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A realistic dream? (primarily concerning living on a yacht off the coast of NZ)

DarwinsFavoriteTortoiseDarwinsFavoriteTortoise Registered User regular
edited April 2009 in Help / Advice Forum
So I'm 17 years old, and my dream is to live on a yacht off the coast of New Zealand. Is this realistic? Would the costs be too exorbitantly high? Is there something I'm missing? I've been looking on websites that sell used yachts in New Zealand and I'm seeing highly favorable prices...I was expecting close to a million or over but I've seen yachts anywhere from 100,000 to 500,000 dollars (40ish feet), which seems amazing.

Basically, what are some things that I should take into consideration when living on a yacht?

Lastly, I plan to work as a sociologist, as a consultant of some sort. Is this achievable as a sociologist, or are all the jobs largely office based?

Thanks. If something isn't clear, just ask and I'll clarify.

DarwinsFavoriteTortoise on

Posts

  • dispatch.odispatch.o Registered User regular
    edited April 2009
    editted for excessive negativity.

    go for it, man.

    Just be ready to spend some time on it, and bring a friend who knows about boats when you look at them.

    dispatch.o on
  • TokyoRaverTokyoRaver Registered User regular
    edited April 2009
    Who'd have ever thought this, but this thread has been done before

    http://forums.penny-arcade.com/showthread.php?t=62593

    You sure you're not the same person? 8-)

    TokyoRaver on
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  • UsagiUsagi Nah Registered User regular
    edited April 2009
    Things to consider:
    1. Do you know how to sail? If you don't and you have to move your boat, you're probably going to have to pay someone to do it for you.
    2. Maintenance for a liveaboard can be a bitch, especially if you buy an older boat or if you live in a warm, moist climate. Plan to learn how to do basic electrical and mechanical work, as well as how to maintain exposed wood and fiberglass and how to detect when its time for an overhaul.
    3. Everything mildews. Everything.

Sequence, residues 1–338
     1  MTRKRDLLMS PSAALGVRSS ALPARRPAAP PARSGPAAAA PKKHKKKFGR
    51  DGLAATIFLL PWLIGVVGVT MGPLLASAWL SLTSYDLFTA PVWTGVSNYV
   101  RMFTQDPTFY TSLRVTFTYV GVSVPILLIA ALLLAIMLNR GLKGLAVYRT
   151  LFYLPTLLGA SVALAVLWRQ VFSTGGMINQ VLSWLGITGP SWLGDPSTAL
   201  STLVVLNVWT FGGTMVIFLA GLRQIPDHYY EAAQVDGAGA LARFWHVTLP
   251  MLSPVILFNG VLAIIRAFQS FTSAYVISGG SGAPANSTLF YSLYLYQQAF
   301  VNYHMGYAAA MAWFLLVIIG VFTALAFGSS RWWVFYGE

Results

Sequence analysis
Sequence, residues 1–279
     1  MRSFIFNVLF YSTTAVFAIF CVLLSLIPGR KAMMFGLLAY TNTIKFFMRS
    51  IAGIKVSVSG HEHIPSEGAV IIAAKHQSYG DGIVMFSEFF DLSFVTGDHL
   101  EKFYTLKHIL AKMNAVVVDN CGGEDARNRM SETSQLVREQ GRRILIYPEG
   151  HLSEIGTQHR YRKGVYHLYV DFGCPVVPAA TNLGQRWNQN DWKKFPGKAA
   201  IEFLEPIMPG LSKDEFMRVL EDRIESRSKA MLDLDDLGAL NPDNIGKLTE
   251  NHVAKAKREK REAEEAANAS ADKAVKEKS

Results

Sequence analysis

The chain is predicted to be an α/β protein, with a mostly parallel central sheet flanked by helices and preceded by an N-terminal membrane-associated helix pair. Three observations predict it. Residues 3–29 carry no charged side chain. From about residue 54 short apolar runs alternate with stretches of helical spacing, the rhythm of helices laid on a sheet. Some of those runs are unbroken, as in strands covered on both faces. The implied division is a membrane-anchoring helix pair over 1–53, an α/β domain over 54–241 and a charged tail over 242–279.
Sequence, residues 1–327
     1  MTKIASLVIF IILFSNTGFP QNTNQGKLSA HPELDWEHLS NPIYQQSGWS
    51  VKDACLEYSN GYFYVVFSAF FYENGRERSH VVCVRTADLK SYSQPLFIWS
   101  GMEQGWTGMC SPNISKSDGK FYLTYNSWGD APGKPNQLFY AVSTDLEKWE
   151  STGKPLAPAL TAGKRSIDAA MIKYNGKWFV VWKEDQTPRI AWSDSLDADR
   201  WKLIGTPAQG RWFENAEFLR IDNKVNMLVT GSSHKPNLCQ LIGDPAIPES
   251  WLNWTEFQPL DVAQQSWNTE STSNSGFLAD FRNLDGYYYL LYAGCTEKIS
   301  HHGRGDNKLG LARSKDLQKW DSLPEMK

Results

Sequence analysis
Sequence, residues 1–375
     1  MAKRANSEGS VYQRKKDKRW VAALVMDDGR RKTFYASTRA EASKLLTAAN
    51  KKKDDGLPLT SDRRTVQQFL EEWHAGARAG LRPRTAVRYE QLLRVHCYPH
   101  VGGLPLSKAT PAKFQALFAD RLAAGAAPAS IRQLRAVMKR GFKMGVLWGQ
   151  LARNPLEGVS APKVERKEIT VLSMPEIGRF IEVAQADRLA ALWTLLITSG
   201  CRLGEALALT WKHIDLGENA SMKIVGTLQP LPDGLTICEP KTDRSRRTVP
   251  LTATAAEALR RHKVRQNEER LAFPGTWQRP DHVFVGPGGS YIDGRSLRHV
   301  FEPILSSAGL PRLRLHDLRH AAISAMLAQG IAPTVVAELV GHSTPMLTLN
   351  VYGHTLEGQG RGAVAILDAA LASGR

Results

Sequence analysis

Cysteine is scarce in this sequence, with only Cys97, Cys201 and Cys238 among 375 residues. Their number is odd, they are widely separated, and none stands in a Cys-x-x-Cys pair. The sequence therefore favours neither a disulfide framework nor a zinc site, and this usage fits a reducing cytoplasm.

4. You are subject to the whim of the weather. Unlike a house/apartment, if there is a gigantic storm you will be at the mercy not only of Mother Nature but also your neighbor's frayed mast stays and your boatyard's not-so-steady mooring buoy.

    That's all I can think of for now, but I may add more later. It can be a great idea, especially if you're single and don't care about limited space for your stuff but in my opinion its much more responsibility than owning a house.

    Usagi on
  • DuffelDuffel jacobkosh Registered User regular
    edited April 2009
    If you've got or are going to get boating experience, and plan on living in NZ anyway, go for it. Everybody's got a dream they're working toward. Otherwise it's going to be more money and trouble than it's worth.

    I have no idea how much a sociologist makes but a 40-foot yacht is going to involve some pretty hefty maintenance; you can't just buy one and plunk it in the water, and you can't do any job from the yacht itself unless you're a freelance writer or a marine biologist or something. You're getting into harbor fees, utilities, the whole nine yards. I've been involved with freshwater boats/houseboats all my life and there's a lot of upkeep involved that might not be readily apparent. You'll need to learn a lot about boats and the workings thereof. I imagine an ocean-going boat would be even more complicated. You might want to consider working on a dock or at a sailing club for a few years to learn the ropes (so to speak) if you don't already.

    So, it's not entirely unrealistic but you need to know what you're getting into. And in the meantime, don't pass up the opportunity to do some cool shit because you're saving up for a $100,000 boat you might buy in ten years. By that time, you may have found something you want to do more anyway.

    Duffel on
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